Biden speaks with Netanyahu amid escalating tensions in U.S.-Israel, warns against Rafah invasion

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WASHINGTON — During a critical phone call Monday, President Joe Biden warned Israeli Prime Minister Benjamin Netanyahu against Israel’s carrying out a planned military operation in Rafah, the White House said.

“Our position is that Hamas should not be allowed a safe haven in Rafah or anywhere else, but a major ground operation there would be a mistake,” national security adviser Jake Sullivan said at the White House briefing where he outlined the leaders’ conversation.

“It would lead to more innocent civilian deaths, worsen the already dire humanitarian crisis, deepen the anarchy in Gaza and further isolate Israel internationally,” Sullivan added.

He said more than a million people have taken refuge in Rafah, a city in the southwestern Gaza Strip along Egypt’s border, after having moved away from Gaza City and Khan Younis.

“They have nowhere else to go,” Sullivan said. “Israel has not presented us or the world with a plan for how or where they would safely move those civilians, let alone feed and house them and ensure access to basic things like sanitation.”

Sullivan noted that Rafah is a primary entry point for humanitarian assistance entering Gaza from Egypt and Israel, and he warned that “an invasion would shut that down or at least put it at great risk.”

During the call, Biden asked Netanyahu to send to Washington “a senior interagency team composed of military, intelligence and humanitarian officials” in the coming days to hear U.S. concerns about an invasion of Rafah, Sullivan said. He confirmed that Netanyahu agreed to the invitation.

Notably, Sullivan said U.S. officials now expect that Israel wouldn’t invade Rafah until that conversation takes place. The meeting will be an opportunity for the U.S. “to lay out an alternative approach that would target key Hamas elements in Rafah and secure the Egypt-Gaza border without a major ground invasion,” he added.

Sullivan rejected questions about whether an Israeli invasion of Rafah would be a “red line” for Biden, as the president had indicated in a recent interview on MSNBC.

Biden and Netanyahu, who last spoke to each other over a month ago, on Feb. 15, also discussed the prospects of a weekslong cease-fire agreement between Israel and Hamas that would involve the release of hostages who have been held in Gaza since the Oct. 7 attack.

“We would look to build on that cease-fire into something more enduring and use the space created by a cessation of hostilities to surge humanitarian assistance at a vital moment,” Sullivan said. “So far, this deal has been more elusive than we would have hoped.”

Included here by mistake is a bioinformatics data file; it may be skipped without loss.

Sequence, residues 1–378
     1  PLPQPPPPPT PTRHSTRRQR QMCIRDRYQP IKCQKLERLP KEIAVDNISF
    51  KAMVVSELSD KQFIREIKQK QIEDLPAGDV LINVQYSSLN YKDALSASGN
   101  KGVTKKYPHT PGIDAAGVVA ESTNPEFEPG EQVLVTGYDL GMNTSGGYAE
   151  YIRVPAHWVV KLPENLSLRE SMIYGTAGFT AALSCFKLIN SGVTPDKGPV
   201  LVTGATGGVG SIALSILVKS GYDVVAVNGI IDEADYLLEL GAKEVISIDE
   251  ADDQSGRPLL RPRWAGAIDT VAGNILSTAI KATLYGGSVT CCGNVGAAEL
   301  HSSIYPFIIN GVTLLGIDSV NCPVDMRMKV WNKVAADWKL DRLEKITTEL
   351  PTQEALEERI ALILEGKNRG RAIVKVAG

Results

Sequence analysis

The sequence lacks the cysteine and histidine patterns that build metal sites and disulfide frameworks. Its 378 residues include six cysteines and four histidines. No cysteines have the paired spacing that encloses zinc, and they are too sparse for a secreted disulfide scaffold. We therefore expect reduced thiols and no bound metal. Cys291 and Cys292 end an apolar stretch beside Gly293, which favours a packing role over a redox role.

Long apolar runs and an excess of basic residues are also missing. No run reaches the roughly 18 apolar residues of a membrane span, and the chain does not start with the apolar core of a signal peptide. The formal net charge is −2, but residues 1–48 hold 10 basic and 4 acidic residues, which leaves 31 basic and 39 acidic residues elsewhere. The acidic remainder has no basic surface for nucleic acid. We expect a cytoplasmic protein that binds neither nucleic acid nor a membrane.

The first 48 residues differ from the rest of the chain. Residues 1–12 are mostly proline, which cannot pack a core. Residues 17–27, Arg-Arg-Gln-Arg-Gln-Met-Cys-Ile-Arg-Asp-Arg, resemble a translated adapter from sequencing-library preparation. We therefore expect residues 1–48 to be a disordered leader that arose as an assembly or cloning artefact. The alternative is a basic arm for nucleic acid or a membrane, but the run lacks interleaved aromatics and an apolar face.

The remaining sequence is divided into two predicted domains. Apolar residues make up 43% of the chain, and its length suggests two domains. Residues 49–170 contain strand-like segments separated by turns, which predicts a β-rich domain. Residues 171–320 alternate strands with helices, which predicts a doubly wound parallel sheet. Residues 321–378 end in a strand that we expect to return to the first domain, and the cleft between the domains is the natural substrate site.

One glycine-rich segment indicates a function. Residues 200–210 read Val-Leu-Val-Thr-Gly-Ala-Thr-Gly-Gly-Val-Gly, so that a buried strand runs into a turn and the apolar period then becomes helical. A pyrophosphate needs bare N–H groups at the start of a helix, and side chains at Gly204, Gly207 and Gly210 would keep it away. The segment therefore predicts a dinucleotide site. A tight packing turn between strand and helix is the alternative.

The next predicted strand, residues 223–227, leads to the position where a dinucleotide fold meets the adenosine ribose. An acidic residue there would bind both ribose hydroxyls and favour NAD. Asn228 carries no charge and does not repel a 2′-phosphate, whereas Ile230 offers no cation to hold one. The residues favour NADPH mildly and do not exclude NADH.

Sullivan said that while Israel has made “significant progress” battling Hamas in its military operations in Gaza, the effect on innocent Palestinians has been devastating. He said more civilians have died in this conflict than in all wars in Gaza combined.

“The president has repeatedly made the point that continuing military operations need to be connected to a clear strategic end game,” Sullivan said. “The president told the prime minister again today that we share the goal of defeating Hamas, but we just believe you need a coherent and sustainable strategy to make that happen.”

A White House readout of the call reiterated Sullivan’s description of the discussion.

The White House said that Biden had also “stressed the urgent need to significantly increase the flow of lifesaving aid reaching those in need throughout Gaza, with special emphasis on the north.”

The White House is considering how to respond if the Israeli government ignores the administration’s warnings not to launch a ground invasion in Rafah without a credible plan for Palestinian civilians. Last week, Netanyahu’s office said that he had approved plans for a ground offensive there and that the military was “preparing for the operational side and for the evacuation of the population.”

Monday’s call was the 20th between Biden and Netanyahu since Hamas’ brutal assault on Israel on Oct. 7. It also marks the longest gap between calls — 32 days. Previously, the longest the two had gone without speaking was 26 days, from Dec. 23 to Jan. 19.

Biden’s relationship with Netanyahu has been on shaky ground for months as he faces pressure from the progressive wing of the Democratic Party over U.S. support for Israel as tens of thousands of Palestinians have died in Gaza. Biden said in a recent interview with MSNBC’s Jonathan Capehart that an invasion of Rafah by the Israel Defense Forces would be a “red line” for him, though he said he would never leave Israel’s side.

“There’s no red line where I would cut off all weapons so they don’t have the Iron Dome to protect them. But there’s red lines where if he crosses them … he cannot have 30,000 more Palestinians dead,” he said, referring to Netanyahu.

Biden didn’t elaborate on any potential consequences if Israel does invade Rafah.

“There’s other ways to deal, to get to, to deal with the trauma caused by Hamas,” he said.

Last week, Senate Majority Leader Chuck Schumer, D-N.Y., the highest-ranking Jewish U.S. official, said in a speech on the Senate floor that Netanyahu has “lost his way” and called for new elections to replace him and his far-right governing coalition. It was met with criticism from Republicans and some Democrats.

Biden said that it was a “good speech” and that Schumer “expressed a serious concern shared not only by him but by many Americans.”

Netanyahu rejected Schumer’s proposal in an interview Sunday on CNN’s “State of the Union.”

“I think what he said is totally inappropriate,” Netanyahu said. “It’s inappropriate to go to a sister democracy and try to replace the elected leadership there. That’s something that Israel, the Israeli public does on its own, and we’re not a banana republic.”

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